Women in Animation
As several articles in this issue point out, women have often played a key role in animation. Unfortunately, within the animation industry itself, there remains a dearth of directors and others in key creative positions. While this is starting to change, their participation pales in comparison to the dominant role they play among independent animators, whose films often constitutes half the offerings at major international animation festivals. This is where women have also come into their own have been in the executive ranks, both here and abroad.
Thus, as this issue is devoted largely to women in animation, it is not surprising that we offer a selection of pieces by and about independent animators Thus, Poland's Aleksandra Korejwo, in her first attempt at writing an article in English, provides us with a startling autobiographical essay, rich with poetry and imagery, that attempts to explain the sources of her inspiration.
Rita Street explores the evocative films of Rose Bond, while William Moritz profiles the popular, but now largely forgotten pioneer experimental filmmaker, Mary Ellen Bute, and Giannalberto Bendazzi provides an appreciation of Claire Parker, whose role in animation history has often been subsumed to her husband.
As Linda Simensky points out in her article, "Women in the Animation Industry--Some Thoughts," the way women get to the executive suite in today's animation industry often differs markedly from the way men get there. This is clearly illustrated by my interview with Jim and Stephanie Graziano, who both came to be major players in television animation by distinctly different routes.
Jill McGreal in her piece, "Out of the Animation Ghetto," reports on how women, in both the executive and creative side of the business, are transforming animation at Britain's innovative Channel 4. Marcin Gizycki, meanwhile, explores the past and present roles women have and are playing in Russia, Poland and the former Czechoslovakia in his piece, "Splendid Artists."
One of the more exciting and useful organizations around these days is Women in Animation. Rita Street, its founder and leader, provides a brief memoir on what led to its founding and explains its activities and aims.
The way women have been portrayed in animation has often been a subject of concern in recent years, but that is certainly not a problem with regards to UNICEF's Meena and Sara projects, which are being used to fight destructive stereotypes seen in third world countries. Neill McKee and Christian Clark, who are both active in these projects, report on them in "Meena and Sara: Two Characters in Search of a Brighter Future for Women."
Our focus on women in this issue appropriately concludes with the second of Frankie Kowalski's "Desert Island Series."
New to this issue is our first set of film reviews of James and the Giant Peach and All Dogs Go To Heaven 2, by Wendy Jackson and Frankie Kowalski, as well as our first festival coverage from Giannalberto Bendazzi, who reports on Cartoons on the Bay, in Amalfi, Italy.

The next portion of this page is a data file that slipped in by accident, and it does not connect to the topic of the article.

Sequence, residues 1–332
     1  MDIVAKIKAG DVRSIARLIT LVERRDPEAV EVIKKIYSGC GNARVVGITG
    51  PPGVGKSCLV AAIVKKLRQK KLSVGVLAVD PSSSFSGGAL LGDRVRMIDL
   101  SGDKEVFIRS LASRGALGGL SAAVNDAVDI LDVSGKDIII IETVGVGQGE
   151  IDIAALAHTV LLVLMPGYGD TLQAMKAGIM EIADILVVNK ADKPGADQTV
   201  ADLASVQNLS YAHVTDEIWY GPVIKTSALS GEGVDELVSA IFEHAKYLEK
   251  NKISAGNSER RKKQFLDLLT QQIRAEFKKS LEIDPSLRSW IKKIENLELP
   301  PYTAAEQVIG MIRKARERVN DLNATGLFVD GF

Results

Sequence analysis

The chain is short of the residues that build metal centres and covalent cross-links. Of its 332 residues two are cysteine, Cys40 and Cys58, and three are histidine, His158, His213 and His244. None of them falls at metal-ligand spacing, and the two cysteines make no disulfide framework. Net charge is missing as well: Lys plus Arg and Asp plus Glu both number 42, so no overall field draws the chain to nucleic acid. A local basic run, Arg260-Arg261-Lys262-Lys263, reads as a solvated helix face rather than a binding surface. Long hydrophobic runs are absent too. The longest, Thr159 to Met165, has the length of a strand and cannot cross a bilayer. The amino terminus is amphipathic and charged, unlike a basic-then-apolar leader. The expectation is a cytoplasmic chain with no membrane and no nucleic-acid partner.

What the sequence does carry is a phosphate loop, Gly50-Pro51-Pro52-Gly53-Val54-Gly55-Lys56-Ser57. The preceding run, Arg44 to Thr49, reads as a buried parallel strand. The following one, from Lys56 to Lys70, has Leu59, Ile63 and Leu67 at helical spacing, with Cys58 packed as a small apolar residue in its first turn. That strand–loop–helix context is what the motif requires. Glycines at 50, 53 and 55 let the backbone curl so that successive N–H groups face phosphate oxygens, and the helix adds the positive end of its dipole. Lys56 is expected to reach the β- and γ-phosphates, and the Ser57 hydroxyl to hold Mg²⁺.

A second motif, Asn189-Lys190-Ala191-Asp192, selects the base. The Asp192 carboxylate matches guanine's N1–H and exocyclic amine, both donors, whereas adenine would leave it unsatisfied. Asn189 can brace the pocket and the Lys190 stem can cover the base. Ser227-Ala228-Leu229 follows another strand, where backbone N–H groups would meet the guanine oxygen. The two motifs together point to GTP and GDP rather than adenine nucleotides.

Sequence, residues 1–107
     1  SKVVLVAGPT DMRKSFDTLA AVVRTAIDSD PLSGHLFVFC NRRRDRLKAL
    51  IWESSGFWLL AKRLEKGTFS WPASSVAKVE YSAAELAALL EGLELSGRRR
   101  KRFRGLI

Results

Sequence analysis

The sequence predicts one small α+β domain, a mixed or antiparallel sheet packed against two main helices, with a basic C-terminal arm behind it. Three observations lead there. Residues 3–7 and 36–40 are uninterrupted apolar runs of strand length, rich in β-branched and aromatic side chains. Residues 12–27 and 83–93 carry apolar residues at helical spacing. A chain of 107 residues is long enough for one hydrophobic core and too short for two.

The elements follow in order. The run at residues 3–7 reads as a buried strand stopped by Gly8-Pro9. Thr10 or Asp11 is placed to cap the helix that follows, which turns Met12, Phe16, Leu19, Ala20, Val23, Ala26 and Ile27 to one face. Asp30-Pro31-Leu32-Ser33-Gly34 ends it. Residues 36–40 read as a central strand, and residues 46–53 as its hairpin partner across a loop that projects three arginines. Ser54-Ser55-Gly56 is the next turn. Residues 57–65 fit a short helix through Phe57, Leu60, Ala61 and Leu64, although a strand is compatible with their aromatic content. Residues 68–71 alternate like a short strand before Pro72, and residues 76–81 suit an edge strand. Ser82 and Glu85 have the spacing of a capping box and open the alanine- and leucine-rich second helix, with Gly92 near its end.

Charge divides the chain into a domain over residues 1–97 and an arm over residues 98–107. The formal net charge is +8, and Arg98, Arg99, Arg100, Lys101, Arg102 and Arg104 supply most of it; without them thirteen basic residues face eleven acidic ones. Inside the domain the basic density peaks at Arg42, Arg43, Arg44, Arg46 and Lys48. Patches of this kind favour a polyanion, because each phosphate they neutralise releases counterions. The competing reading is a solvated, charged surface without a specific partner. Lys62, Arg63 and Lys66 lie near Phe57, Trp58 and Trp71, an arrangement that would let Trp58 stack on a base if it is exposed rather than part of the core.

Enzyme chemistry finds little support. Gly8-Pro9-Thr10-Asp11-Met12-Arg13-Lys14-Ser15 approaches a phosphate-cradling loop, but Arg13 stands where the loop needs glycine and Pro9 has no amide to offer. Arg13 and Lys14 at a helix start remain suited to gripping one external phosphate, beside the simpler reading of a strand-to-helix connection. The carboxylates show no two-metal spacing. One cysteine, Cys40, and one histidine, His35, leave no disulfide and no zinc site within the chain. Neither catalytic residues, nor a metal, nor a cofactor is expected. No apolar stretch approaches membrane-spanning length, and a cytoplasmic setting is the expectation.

I always like to say that my interest in film and animation stems from being an industry brat, my father having worked at Fleischer and Famous Studios during the 1930s and 1940s. He was also a film buff, who had the pleasant habit of renting old silent films to show to family and friends on Friday nights. Although he died just before I turned 6, my older brother and I both maintained a strong interest in film; thus, at age 12, he took me to a series of films at New York's Museum of Modern Art, where I imbibed such classics as Intolerance, All Quiet on the Western Front and Rashomon.
However, it wasn't until I happened on the Theodore Huff Memorial Film Society, run by William K. Everson, who died on April 14, that my passion for films and filmgoing really started to take focus. The Society, back in the 1950s, held its screenings in somewhat seedy meeting halls that also hosted such events as reunions of the Abraham Lincoln Brigade. More importantly, it provided a place for film buffs and scholars to meet, discuss and argue film. In those days before Cinema Studies became a respectable academic discipline, the Huff Society was key to the education of many a budding cinéaste, myself included.
I need not go into a litany of Bill's accomplishments or activities, which including being a tenured professor of cinema studies at New York University, despite being a high school dropout. Though animation was not his prime focus, he was not averse to showing Chuck Jones or Friz Freleng cartoons before they became fashionable.
I recall the time he was on an American Film Institute committee evaluating my proposal to do an oral history interview with animation pioneer J.R. Bray; to his (and my) surprise, he was the only one who knew who Bray was, and essentially shamed the others into approving my grant. For that and all the other kindnesses he showed me and others, I will always be grateful.
Harvey Deneroffharvey@awn.com Editor-In-ChiefAnimation World Magazine